quantify

verb
quan·​ti·​fy | \ˈkwän-tə-ˌfī \
quantified; quantifying

Definition of quantify 

transitive verb

1a(1) : to limit by a quantifier

(2) : to bind by prefixing a quantifier

b : to make explicit the logical quantity of

2 : to determine, express, or measure the quantity of

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Other Words from quantify

quantifiable \ ˌkwän-​tə-​ˈfī-​ə-​bəl \ adjective

Examples of quantify in a Sentence

It is difficult to quantify intelligence. Doctors have quantified the risks of smoking cigarettes. It is impossible to quantify the number of Web sites on the Internet.
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Recent Examples on the Web

More specifically, the researchers are testing out methods that comb census and tax data, which seems to be a way of quantifying the income disparities between white men and everyone else. Chanda Prescod-weinstein, The Cut, "What a Massive New Study on Income Inequality Misses About Black Women," 26 Mar. 2018 What is not rare—and what has been quantified in myriad ways throughout the years—is racial bias in classrooms. Anne Branigin, The Root, "The Gun Laws Moving Forward in the Florida Legislature Could Make Schools Especially Dangerous for Students of Color," 27 Feb. 2018 That loss precipitated an intense lifelong privacy and a personal and scientific strategy of quantifying the world. Richard Rhodes, New York Times, "A Remarkable Man Among Remarkable Men and Women," 24 Jan. 2018 One day Oleinik might meet with a kidney doctor about deep learning algorithms to quantify the extent of kidney damage, and another day a biologist about optimizing images of sea urchins. Cindy Atoji Keene, BostonGlobe.com, "Facing a fear leads to love for the language of computing," 6 July 2018 But maybe sometimes there is no explanation for what happens during a baseball season, no matter how hard people try to quantify every last detail. Jared Diamond, WSJ, "Baseball’s Luckiest Team Doesn’t Think It’s Luck," 3 July 2018 However, just our presence alone can have important behavioral impacts on wildlife, even if these effects aren't immediately apparent or easy to quantify. Kaitlyn Gaynor, CNN, "To avoid humans, more wildlife now work the night shift," 14 June 2018 The same survey question, when quantifying the benefits of the project, also uses a much lower construction jobs number -- 2,000 -- than Jordan Cove's most recent estimate, which is three times higher. Ted Sickinger, OregonLive.com, "Survey: Oregonians oppose Coos Bay gas export project," 26 May 2018 Irresistible Scent That summer, Douglas captured dozens of crested auklets on the Shumagin Islands and inserted them, one by one, into a specialized chamber to quantify their scent. Kevin Schafer, National Geographic, "These Birds Make Their Own Citrus-Scented Cologne," 25 May 2018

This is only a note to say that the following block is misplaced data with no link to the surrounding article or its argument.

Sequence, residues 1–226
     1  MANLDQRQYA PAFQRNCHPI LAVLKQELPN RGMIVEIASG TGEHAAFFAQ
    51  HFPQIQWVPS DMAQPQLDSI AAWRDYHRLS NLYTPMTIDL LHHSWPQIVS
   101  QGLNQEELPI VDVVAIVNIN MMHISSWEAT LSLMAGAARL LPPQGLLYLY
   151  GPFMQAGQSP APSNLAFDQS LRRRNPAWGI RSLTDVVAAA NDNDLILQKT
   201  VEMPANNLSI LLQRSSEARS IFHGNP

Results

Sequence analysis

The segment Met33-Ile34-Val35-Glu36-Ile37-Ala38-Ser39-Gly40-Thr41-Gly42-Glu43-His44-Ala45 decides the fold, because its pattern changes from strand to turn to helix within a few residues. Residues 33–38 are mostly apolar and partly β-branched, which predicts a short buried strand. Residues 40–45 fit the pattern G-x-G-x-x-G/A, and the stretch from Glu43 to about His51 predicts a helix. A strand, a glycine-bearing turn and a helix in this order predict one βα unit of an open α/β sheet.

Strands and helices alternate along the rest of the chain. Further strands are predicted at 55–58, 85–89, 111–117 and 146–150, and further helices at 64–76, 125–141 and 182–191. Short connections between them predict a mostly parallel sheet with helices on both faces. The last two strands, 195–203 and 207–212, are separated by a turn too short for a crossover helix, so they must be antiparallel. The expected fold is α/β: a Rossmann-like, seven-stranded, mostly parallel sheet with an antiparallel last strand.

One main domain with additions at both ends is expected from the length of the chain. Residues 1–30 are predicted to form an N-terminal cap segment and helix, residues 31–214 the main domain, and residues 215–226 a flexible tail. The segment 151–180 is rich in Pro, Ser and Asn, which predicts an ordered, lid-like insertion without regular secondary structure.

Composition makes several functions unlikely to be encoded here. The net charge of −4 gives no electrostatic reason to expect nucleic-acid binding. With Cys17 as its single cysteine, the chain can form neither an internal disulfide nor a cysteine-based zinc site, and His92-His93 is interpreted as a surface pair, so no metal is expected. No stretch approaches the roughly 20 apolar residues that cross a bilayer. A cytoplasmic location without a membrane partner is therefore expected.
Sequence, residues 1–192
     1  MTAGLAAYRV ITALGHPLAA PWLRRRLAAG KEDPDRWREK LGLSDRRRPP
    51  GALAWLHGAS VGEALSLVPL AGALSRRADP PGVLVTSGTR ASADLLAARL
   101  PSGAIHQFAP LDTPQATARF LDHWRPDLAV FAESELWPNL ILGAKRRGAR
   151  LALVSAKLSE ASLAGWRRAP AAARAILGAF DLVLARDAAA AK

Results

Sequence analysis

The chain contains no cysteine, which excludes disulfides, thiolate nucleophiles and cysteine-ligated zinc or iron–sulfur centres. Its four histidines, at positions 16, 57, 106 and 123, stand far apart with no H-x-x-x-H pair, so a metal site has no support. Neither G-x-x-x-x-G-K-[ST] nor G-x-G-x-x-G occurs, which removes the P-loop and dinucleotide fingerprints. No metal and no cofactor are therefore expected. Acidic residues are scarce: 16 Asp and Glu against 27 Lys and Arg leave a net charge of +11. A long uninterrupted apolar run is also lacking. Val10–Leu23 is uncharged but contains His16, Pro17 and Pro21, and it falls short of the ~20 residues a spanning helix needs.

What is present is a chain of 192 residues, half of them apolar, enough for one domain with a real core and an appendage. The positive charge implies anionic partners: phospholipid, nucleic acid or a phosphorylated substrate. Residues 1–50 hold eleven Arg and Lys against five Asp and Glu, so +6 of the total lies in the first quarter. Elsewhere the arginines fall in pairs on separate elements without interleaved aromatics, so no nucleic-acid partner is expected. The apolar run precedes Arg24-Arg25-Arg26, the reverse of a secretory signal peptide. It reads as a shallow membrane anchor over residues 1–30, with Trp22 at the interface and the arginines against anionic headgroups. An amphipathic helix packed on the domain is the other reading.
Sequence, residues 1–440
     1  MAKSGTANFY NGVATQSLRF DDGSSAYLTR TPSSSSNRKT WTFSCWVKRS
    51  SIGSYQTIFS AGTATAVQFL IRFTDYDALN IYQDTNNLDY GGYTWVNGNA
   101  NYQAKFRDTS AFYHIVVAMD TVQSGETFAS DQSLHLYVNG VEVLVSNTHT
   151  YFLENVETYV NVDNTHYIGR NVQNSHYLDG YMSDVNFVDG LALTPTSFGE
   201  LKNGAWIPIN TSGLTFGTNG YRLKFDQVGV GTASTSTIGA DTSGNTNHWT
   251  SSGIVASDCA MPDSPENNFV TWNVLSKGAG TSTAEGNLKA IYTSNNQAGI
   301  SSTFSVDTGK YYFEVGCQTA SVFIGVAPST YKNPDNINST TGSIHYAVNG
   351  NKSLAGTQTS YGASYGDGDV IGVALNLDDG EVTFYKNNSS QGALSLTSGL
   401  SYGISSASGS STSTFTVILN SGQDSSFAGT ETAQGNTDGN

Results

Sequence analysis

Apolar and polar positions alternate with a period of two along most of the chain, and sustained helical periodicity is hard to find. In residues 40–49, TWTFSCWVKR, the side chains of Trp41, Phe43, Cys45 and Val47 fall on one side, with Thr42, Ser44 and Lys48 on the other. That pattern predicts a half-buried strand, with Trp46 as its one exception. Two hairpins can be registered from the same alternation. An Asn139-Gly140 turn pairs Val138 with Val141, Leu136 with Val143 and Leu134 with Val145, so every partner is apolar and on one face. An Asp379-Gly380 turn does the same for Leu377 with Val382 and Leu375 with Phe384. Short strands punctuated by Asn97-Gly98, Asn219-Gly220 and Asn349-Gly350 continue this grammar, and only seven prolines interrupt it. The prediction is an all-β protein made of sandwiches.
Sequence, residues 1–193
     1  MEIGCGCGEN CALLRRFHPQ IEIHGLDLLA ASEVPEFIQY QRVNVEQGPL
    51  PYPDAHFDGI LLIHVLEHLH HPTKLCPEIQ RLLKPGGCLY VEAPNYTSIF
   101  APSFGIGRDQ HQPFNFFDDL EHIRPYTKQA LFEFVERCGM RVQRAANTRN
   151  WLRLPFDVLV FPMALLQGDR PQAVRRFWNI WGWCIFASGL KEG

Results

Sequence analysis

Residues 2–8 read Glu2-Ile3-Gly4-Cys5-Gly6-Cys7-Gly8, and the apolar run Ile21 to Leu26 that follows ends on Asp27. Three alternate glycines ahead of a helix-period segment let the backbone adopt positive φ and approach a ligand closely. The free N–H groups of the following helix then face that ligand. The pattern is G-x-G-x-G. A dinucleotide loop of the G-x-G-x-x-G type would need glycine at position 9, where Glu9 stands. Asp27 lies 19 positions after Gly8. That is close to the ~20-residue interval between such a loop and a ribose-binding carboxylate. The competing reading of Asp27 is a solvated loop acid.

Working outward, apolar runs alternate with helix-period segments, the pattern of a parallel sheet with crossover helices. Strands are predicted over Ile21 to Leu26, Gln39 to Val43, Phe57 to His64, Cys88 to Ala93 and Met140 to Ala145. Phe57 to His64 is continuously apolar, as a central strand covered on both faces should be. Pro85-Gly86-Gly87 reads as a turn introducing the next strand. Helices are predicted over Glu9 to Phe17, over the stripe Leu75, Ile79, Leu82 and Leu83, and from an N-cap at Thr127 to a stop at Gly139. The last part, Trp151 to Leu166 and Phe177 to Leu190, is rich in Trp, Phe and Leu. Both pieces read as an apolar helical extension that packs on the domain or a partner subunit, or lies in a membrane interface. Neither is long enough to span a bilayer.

These example sentences are selected automatically from various online news sources to reflect current usage of the word 'quantify.' Views expressed in the examples do not represent the opinion of Merriam-Webster or its editors. Send us feedback.

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First Known Use of quantify

1627, in the meaning defined at sense 2

History and Etymology for quantify

Medieval Latin quantificare, from Latin quantus how much

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Statistics for quantify

Last Updated

3 Nov 2018

Look-up Popularity

Time Traveler for quantify

The first known use of quantify was in 1627

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More Definitions for quantify

quantify

verb

English Language Learners Definition of quantify

: to find or calculate the quantity or amount of (something)

More from Merriam-Webster on quantify

Spanish Central: Translation of quantify

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